In a recent post, I discussed the general notion of how you can change the horse’s body, for better or worse, based upon the nature of the work. The inspiration for that post came from Coffee. Recently, my mother had been commenting on how much more handsome Coffee is than when he came here. I put it down to her total infatuation with her boy; but, after taking some current photos, and digging out some photos from his first year, I have to admit that she is absolutely right! There have been changes to his physique that I’ve noticed – and some that have apparently sneaked up on me. For this post I will share some of those photos, and discuss some of the specific changes and their causes.
We interrupt your regularly scheduled program …
I promised that my next post would be more information on sculpting the equine body, but I confess that time has not been in abundance this week, so that is still in draft. However, having just spent a lovely day listening to Christoph Ackermann teach, I wanted to share some quotes and key points. Perfect timing to buy me a reprieve on the other post.
One of the aspects of classically based Dressage training is the way in which it changes the horse’s physique. It is true that any equine activity that involves a level of conditioning will tone muscles, and should make the horse more attractive. I say “should” because there are definitely activities that condition a horse but can actually make them less attractive (more on that later). However, I have yet to find an activity that has as positive an aesthetic affect on the horse’s physique as classically based, correct Dressage training. There are bio-mechanical reasons for these changes – and it’s an excellent barometer for how good the riding and training actually are.
I have a creative little herd. They like to rearrange and reconstruct things just for fun. Often that includes the ‘clothing’ they wear. This tendency is not limited to just one – no, it has become a trend within the group. So, just for fun, while I work to finish some other posts, I thought I would share some of their best fashion statements.
In riding, as in life, we require confidence in order to succeed. Most of us have encountered those horses that have helped us in that journey. Perhaps it was the horse who knew his job so well that you could leave him to it while you sorted out the mechanics of what you were doing. For me, that horse was Wicki. Or, perhaps it was the first training project, who survived all of your mistakes, and still somehow came out okay on the other side. For me, that was Ben. I have encountered many horses, in my journey, who have added to my confidence as a rider and trainer. But, sometimes confidence wanes or is lost, and we need that horse who has the ability to help us find it again. For my mother and me, Coffee has been that special horse.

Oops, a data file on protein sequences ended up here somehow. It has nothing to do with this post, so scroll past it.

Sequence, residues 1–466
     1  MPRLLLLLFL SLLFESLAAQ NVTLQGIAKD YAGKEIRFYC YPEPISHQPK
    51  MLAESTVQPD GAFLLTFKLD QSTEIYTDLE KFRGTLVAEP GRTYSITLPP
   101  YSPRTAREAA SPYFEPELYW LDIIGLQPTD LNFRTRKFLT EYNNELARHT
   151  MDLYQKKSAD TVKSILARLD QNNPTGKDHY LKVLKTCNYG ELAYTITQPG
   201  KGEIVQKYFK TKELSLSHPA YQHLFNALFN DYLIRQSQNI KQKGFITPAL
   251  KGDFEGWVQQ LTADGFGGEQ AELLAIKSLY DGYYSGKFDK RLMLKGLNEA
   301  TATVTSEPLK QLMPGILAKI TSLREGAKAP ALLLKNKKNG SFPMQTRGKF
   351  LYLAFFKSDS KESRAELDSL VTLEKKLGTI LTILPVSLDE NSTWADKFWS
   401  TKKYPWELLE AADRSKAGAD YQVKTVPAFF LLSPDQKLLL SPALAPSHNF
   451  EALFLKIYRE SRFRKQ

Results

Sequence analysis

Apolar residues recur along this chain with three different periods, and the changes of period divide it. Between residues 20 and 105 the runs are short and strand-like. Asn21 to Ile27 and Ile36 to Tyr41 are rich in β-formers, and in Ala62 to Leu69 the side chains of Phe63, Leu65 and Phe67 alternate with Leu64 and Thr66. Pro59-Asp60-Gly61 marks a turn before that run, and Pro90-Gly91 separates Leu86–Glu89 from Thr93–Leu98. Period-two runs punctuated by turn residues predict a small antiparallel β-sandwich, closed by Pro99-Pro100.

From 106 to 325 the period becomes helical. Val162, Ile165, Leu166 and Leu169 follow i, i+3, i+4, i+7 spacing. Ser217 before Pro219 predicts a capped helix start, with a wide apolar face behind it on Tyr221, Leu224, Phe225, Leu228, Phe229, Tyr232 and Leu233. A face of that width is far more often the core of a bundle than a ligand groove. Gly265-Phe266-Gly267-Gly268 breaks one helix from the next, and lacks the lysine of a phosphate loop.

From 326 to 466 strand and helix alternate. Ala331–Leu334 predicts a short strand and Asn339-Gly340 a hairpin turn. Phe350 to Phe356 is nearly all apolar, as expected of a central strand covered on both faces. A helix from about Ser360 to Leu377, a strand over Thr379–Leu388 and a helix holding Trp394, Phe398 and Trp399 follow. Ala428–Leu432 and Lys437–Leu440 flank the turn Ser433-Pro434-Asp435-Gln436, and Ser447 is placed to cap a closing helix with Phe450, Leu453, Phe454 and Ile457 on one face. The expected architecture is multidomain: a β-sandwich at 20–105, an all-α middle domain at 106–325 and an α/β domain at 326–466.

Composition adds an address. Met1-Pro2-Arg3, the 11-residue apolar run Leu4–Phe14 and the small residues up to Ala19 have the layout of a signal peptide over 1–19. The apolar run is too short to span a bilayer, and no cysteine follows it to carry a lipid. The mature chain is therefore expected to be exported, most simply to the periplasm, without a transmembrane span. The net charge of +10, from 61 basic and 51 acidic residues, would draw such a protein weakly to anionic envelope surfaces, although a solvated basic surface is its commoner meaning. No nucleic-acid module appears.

“Good luck with keeping the place up and finding any time to do anything with your horses!” Those were the parting words of the previous tenant of the first little barn that we rented. We’d been boarding our horses at the same stable for ten years. When a little barn became available, and the boarding stable owners said we could use the facilities for all if we kept one horse there, it seemed the perfect way to save costs with our growing herd. Fortunately, the former tenant was proven wrong, as we kept that barn going for a few years while I also competed, had students and horses in training, and went to university full time. But I have to admit that her words have been on my mind far more in recent years.
From a young age, I was fascinated by why some teachers were easy to learn from, while others made things seem even more confusing. I was particularly fascinated with riding instructors, and exactly why I preferred some to others. I have been teaching, in one capacity or another, for nearly forty years. I have hired and mentored other teachers. Through all of that, I have formed some pretty strong opinions about teaching – what works, what doesn’t, and how context matters. But there is one conclusion I came to long ago – teaching is a talent, rather than a learned skill.